Alcosense – Personal breathalysers, that make sense

In Driving in the UK, Featured Articles by Tom Scanlan

Some of us were chatting about breathalysers. A few of the car companies that invite journalists to drive their latest model ask us to take a breathalyser test before they let us set off.

Tom Scanlan safely has a few in the name of drink-driving and road safety.

So why don’t we all get our own kits and test ourselves? The statistics issued by the government about drink-driving are very revealing. The fairly good news is that overall over the last decade, we, as a nation of car drivers, have improved slightly.

Take one set of statistics: ‘Breath tests and breath test failures by drivers involved in reported accidents’ — in 2007, there were 255,891 accidents, at which 185,307 breath tests (57%) were carried out; 3.9% of these were failures or 2.2% of all accidents.

In 2016, accidents had dropped rather dramatically down to 146,024, with 89,202 (48%) breath tests; 3.8% were failures or 1.8% of all accidents.

Is the message, don’t drink and drive, getting through?

Maybe…in 2006, by age, of drivers killed, 25% were aged 16-19. In 2015, the figure was far better, but still horrific, at 10%. Perhaps the youngest drivers really are taking care. Other age groups have also improved: 20-29 from 36% to 28%, 30-39 from 31% to 22% and 40+ from 17% to 10%.


Buy an Alcosense Breathalyser at AMAZON.co.uk Now

The ‘morning after’ a heavy night’s drinking, at a Christmas party, for example, it’s vital to test yourself if you are intending to drive before 1pm…Alcosense
There are plenty of breathalysers on the market.

It seems like a good idea, first of all of course never to drink and drive, but in any case, it would be good to learn how you are affected by alcohol from the point-of-view of the legal limit. Especially in the Christmas Party season with the possibility of even being over the limit the following day.

I’ve been doing just this with what is one of the most sophisticated types of breathalyser on the market you can buy.

It’s the AlcoSense Pro at £149.99, it had better be good! It is very easy to use and feels very well made. The Alsosense Excel was also tested and is a good choice.

I suppose that my idea was that I could go to the pub, have a pint and then blow into the device to see if I was below the limit. Well, up to a point, that could be what you could do. But the important thing, if you must drink alcohol, is to read the instructions and learn that, for a proper reading, you should wait at least twenty minutes (or thirty minutes as it says on the AlcoSense itself) before testing yourself.

So you switch the Alcosense on by sliding it open, attach your blow-tube and blow. There is a very simple display that you follow to carry out the test properly and it takes just five seconds.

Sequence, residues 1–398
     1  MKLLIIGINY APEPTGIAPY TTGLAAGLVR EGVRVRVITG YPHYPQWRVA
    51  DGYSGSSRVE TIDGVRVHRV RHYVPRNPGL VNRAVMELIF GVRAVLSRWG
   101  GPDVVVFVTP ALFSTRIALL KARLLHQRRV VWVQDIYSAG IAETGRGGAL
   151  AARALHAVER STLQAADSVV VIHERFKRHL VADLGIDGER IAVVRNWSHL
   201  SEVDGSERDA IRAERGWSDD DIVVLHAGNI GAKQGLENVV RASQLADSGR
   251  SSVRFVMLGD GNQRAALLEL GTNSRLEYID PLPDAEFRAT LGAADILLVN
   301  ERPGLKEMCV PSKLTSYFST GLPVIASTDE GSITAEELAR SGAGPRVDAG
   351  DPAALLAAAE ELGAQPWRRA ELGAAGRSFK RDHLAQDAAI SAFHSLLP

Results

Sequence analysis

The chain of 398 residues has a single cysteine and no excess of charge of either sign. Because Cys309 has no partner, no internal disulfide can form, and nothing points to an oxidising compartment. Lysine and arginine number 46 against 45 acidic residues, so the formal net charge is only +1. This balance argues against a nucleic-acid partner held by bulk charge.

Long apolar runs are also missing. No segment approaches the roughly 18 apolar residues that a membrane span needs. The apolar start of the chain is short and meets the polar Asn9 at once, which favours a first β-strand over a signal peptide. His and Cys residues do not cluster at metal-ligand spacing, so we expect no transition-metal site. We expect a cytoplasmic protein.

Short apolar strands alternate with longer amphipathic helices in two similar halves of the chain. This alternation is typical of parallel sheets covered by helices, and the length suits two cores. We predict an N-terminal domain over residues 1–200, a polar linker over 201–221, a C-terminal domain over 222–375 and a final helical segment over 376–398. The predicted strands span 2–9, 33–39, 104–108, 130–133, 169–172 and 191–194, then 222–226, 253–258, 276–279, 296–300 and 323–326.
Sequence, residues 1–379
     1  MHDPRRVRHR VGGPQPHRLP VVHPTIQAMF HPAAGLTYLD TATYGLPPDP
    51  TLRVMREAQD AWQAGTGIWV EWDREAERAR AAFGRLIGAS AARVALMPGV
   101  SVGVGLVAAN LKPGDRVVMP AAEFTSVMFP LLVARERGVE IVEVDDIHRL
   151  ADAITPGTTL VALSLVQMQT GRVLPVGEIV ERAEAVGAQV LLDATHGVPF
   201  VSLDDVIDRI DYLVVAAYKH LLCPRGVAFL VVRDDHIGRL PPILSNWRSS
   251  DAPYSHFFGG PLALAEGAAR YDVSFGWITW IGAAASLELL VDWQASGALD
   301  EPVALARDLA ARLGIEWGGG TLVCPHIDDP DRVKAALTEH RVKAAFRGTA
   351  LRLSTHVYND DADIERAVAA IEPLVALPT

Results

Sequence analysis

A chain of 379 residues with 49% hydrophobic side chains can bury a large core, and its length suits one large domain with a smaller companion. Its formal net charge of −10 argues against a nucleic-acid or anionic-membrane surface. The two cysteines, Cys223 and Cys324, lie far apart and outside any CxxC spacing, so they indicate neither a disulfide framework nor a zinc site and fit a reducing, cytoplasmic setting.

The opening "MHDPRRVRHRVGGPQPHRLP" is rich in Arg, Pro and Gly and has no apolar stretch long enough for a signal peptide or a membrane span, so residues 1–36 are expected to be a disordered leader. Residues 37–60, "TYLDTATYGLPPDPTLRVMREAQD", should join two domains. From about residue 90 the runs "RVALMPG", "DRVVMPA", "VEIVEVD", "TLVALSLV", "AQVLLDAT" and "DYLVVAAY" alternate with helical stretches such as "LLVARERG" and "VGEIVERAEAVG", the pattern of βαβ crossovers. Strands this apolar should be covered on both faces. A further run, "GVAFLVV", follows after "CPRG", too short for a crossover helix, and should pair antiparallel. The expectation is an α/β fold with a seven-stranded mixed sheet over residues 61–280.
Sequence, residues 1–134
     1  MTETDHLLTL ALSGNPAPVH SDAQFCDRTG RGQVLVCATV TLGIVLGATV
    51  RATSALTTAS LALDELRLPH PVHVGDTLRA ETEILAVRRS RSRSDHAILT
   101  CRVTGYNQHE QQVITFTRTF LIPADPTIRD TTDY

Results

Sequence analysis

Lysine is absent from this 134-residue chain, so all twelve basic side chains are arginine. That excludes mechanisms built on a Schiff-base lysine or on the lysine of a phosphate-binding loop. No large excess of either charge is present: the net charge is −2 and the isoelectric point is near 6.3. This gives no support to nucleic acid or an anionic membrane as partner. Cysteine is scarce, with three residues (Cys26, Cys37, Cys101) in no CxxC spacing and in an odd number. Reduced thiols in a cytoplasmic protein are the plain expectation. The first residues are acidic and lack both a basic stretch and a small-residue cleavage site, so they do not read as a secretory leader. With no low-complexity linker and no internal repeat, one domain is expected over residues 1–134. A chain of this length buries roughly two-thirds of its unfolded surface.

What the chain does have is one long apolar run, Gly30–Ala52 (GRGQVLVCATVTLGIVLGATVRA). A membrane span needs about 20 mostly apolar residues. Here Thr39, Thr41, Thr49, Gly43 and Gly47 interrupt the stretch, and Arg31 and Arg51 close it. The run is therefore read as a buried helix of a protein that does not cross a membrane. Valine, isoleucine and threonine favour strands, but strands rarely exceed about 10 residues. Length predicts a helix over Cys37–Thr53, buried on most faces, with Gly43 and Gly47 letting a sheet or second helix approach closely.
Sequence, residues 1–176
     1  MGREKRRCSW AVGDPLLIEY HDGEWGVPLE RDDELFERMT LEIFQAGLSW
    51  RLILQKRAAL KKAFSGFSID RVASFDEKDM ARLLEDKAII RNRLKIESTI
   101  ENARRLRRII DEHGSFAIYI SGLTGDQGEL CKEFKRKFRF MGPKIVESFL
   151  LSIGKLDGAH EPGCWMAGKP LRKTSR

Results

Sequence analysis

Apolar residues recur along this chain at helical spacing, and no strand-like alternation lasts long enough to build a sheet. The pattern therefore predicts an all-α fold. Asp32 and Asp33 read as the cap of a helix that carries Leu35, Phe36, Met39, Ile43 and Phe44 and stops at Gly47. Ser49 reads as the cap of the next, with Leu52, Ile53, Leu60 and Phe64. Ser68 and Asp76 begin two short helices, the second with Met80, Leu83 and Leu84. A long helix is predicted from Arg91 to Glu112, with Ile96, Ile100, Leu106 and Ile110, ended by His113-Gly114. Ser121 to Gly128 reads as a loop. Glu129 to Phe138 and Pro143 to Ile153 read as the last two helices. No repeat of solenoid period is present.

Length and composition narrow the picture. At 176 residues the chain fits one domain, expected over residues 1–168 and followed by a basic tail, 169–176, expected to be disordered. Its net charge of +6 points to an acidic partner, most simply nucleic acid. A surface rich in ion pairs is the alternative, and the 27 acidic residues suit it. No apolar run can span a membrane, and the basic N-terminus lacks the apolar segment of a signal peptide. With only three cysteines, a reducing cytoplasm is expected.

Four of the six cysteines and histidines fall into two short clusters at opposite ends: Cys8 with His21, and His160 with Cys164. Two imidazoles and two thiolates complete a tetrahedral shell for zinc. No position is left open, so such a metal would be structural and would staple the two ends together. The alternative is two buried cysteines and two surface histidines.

Depending on how your body has dealt with any alcohol, the reading will be displayed in red if you are over the limit with your exact ‘score’ being shown; an amber display gives your score and a warning not to drive. These will also estimate, because we are all differently-sized, etc., how long it will take for your body to eradicate or metabolise all alcohol (‘sober’) which could well be several hours. Finally, a green display will reveal that you are ‘low’; this could be that you are less than 20% of the blood/alcohol limit or zero. You can set a timer to alert you to when you might be ‘sober’ or for sooner or later.

Alcosense Pro

In the interests of testing the AlcoSense Pro, I confess to having consumed six units of alcohol (wine, in fact) at home one evening. After half an hour, I blew into the breathalyser to see that I was nearly three times over the limit. After ninety minutes — which apparently is how long it can take before our body is settled from its various activities dealing with it and, say, food and other non-alcoholic drinks — I was still in the red and told that I would be ‘sober’ in 5 hours and 42 minutes. Another time, after one 125 cc glass of red wine at 14% alcohol, I registered 0.41 blood/alcohol after thirty minutes. The limit, as we all know, is 80. (If you prefer, you can set the AlcoSense Pro to display in micrograms of alcohol per 100 millilitres of breath…in all, there are four different settings available.)

Overall, then, a breathalyser is a must for any driver who is even only an occasional drinker. The AlcoSense Pro is top of the market. Right now, I wouldn’t be without it. AlcoSense have both more and less-sophisticated breathalyser models in their range.

Prices range from £59.99 to £249.99.

Please drive safely this Christmas!

About the author
Tom Scanlan

Tom Scanlan

'Tom Scanlan has written for a wide variety of magazines and newspapers, particularly the Reading Evening Post for ten years, having got into motoring journalism in 1973 via the somewhat unlikely back door of the British Forces Broadcasting Service. BFBS produced a weekly radio motoring show for the services overseas and Tom produced it, as well as interviewing experts and eventually reporting on cars.

He is into classic cars and has owned Porsche, Ferrari, pre-war Alvis and Rileys and currently owns his fifth old Alfa Romeo, a 1984 GTV 2.0.
In his spare time, Tom is a professional cricket coach.'

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Alcosense Pro Breathalyser
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